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1st-year baseball coach trying to change culture at McKeesport

| Thursday, March 27, 2014, 12:12 a.m.

The young boy in a baseball T-shirt looked bewildered when a visitor asked where the coach of the McKeesport High School baseball team could be found.

Upon hearing the coach's name, “Mr. Bishop,” the boy — who had been practicing indoors with the school's seventh-grade program — furrowed his brow and said, “I don't know him.”

Ron Bishop, in his first year as head coach at his alma mater, is hoping to change that don't-care perception of McKeesport baseball, but he said it's a task.

“People are attracted to winning programs,” Bishop said. “Look at what has happened with the Pirates. They're selling out now. We can attract more kids if the structure of our program changes and we start to win more games.”

McKeesport has not enjoyed a winning season since last qualifying for the WPIAL Class AAAA playoffs in 2001. The Tigers opened their schedule Tuesday with a 11-2 home loss to Kiski Area, then spent Wednesday indoors working on their hitting.

They were scheduled to play at Class AA South Allegheny, but an overnight snowfall postponed the game. No makeup date was immediately announced.

The ping of bats rang throughout a gymnasium as McKeesport's players took advantage of portable batting cages. The team's roster is thin, with just 34 players combined in the varsity and junior varsity programs.

“We had 34 kids try out, and all of them made it,” Bishop said. “It was basically a tryout for the varsity roster. Our numbers are not normal for a WPIAL program.”

Perhaps it is a hint of why McKeesport's program has struggled for more than a decade. The Tigers were just 22-77-1 in six seasons under former coach Rick Satcho, whose contract was not renewed following the 2013 season.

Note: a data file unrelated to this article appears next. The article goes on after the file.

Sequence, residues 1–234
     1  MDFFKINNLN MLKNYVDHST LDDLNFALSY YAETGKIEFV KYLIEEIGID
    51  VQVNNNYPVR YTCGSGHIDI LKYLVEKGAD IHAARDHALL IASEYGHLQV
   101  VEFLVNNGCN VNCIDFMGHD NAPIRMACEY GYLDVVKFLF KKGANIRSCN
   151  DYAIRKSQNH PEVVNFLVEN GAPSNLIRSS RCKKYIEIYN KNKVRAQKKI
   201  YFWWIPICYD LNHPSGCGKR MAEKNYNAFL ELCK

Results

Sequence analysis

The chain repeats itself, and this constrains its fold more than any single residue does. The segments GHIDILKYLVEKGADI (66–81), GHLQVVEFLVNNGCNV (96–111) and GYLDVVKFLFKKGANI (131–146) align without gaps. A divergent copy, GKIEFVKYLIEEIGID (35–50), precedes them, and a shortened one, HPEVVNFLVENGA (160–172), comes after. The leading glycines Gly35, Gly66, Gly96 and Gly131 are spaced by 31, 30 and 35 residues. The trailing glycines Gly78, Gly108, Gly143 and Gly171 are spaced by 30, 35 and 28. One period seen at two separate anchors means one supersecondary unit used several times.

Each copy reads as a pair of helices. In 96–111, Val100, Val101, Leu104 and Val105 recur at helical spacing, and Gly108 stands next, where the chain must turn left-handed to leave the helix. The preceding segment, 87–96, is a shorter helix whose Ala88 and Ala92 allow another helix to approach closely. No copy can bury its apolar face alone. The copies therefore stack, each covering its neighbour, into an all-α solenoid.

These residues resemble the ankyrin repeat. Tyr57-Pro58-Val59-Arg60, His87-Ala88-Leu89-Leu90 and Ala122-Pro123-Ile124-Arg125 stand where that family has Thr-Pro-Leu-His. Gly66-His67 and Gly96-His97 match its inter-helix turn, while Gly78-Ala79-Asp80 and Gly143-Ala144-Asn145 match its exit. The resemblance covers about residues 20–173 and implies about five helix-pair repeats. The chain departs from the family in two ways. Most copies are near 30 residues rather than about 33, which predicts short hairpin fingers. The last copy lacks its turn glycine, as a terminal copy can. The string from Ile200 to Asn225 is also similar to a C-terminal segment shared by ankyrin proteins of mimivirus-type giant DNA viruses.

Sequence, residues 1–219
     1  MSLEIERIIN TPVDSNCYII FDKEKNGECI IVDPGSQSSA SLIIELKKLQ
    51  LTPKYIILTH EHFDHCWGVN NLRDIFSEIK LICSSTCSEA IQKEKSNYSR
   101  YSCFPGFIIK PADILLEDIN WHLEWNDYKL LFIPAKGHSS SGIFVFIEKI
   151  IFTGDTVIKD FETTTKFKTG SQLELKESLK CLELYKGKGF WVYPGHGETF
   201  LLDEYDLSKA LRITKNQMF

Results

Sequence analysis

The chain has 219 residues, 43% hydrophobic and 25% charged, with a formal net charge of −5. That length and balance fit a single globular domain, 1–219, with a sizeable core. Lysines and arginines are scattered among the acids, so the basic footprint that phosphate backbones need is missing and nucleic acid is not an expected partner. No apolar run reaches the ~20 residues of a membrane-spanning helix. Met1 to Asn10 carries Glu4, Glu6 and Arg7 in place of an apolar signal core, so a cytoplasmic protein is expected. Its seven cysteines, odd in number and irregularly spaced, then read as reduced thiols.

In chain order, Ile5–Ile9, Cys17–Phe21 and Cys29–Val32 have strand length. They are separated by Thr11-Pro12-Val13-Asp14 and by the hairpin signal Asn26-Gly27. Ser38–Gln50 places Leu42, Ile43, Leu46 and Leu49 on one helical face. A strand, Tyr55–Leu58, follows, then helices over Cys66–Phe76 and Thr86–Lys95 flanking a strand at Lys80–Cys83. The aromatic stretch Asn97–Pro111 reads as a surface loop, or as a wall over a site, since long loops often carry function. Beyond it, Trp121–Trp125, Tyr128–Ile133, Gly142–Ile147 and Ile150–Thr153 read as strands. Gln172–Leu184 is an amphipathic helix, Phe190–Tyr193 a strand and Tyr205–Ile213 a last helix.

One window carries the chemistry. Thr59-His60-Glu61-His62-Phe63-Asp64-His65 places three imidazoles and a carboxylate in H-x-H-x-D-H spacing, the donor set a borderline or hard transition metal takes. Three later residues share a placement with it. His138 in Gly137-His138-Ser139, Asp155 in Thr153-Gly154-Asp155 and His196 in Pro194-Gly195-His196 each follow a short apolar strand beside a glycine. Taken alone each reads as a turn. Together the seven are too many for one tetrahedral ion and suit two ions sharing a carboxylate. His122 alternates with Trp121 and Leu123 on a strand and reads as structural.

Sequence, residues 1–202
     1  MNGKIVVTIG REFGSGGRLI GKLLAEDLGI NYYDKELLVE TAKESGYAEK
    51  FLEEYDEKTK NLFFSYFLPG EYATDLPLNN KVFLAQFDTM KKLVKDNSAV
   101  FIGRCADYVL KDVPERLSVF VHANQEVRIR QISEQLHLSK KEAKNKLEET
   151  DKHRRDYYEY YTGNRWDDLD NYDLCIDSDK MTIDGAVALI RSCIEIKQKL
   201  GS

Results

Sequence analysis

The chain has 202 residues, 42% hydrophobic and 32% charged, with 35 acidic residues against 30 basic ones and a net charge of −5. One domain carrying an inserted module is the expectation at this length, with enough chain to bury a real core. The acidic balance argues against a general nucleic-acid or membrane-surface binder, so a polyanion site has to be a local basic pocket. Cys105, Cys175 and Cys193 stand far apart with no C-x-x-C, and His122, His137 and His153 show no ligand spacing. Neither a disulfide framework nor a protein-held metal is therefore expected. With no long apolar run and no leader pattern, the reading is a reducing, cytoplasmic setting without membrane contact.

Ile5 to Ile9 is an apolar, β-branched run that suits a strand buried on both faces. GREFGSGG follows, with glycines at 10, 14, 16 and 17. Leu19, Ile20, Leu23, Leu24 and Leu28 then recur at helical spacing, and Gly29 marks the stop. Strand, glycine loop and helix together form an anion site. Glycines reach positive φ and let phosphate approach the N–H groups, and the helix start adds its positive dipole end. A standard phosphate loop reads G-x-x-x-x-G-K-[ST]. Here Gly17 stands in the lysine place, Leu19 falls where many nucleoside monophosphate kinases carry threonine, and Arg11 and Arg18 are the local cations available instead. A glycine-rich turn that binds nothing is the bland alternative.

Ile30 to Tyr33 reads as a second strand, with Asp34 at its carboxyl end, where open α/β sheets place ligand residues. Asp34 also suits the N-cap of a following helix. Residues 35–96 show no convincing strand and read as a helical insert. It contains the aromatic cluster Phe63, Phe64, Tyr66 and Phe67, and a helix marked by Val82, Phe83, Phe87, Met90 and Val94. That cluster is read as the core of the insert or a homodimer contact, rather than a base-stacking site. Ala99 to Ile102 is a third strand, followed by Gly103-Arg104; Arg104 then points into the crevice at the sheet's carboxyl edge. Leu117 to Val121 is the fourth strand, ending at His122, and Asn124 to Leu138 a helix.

McKeesport athletics director Charley Kiss has been encouraged by the direction of the program since Bishop took over, which has included the Tigers stepping up their offseason workouts.

“I will say this because I think it's very important in all athletic programs, that I have really admired the commitment, dedication and work ethic of the kids and coaches,” Kiss said. “I know for a fact those things get overshadowed by wins and losses, but not in my eyes.”

Bishop, a 1994 graduate of McKeesport, went on to play at Division II Pitt-Johnstown before relocating to suburban Baltimore, where he worked for an Annapolis-based government contracting company until last year.

He returned to McKeesport in 2011 but continued to be employed by the Maryland firm while also becoming heavily involved as a volunteer with the renowned Cal Ripkin Sr. Foundation of Aberdeen, Md., whose interests include camp sponsorships for at-risk children.

He worked the past two years from a location in McKeesport and joined the district's coaching staff as an assistant in 2012 before taking over the program. Bishop's current coaching staff includes assistants Ron Harris and Dana Brown.

“One of my main goals coming in was to work closely with all three of our feeder programs,” said Bishop, 37. “I want to see if we can get some consistency in instruction. Right now, they're all operating as separate entities.”

Bishop was referring to longstanding youth programs based in McKeesport and White Oak.

“I'm hoping to review them all and see if we can help them get some better structure within,” he said. “Fundamentals are a very important part of baseball, and the way we teach them should be consistent.

“We've already changed the structure of the program at McKeesport. Players will be held accountable for their actions on and off the field. They've been given a set of strict guidelines and we coaches expect them to abide.”

Despite the season-opening loss, Bishop was hoping McKeesport could build some success around at least three veteran senior players. Second-baseman Nick Grice was the team's second-leading hitter in 2013, while third baseman/righthander Nate Morgan and center fielder/righthander Dylan Ernst were impressive in the offseason, as well.

“They came to work every single day,” Bishop said. “They are great and well-respected kids and good students, just like others here. If you are going to build a program, you would like to build it around guys like them.”

Dave Mackall is a staff writer for Trib Total Media. Reach him at

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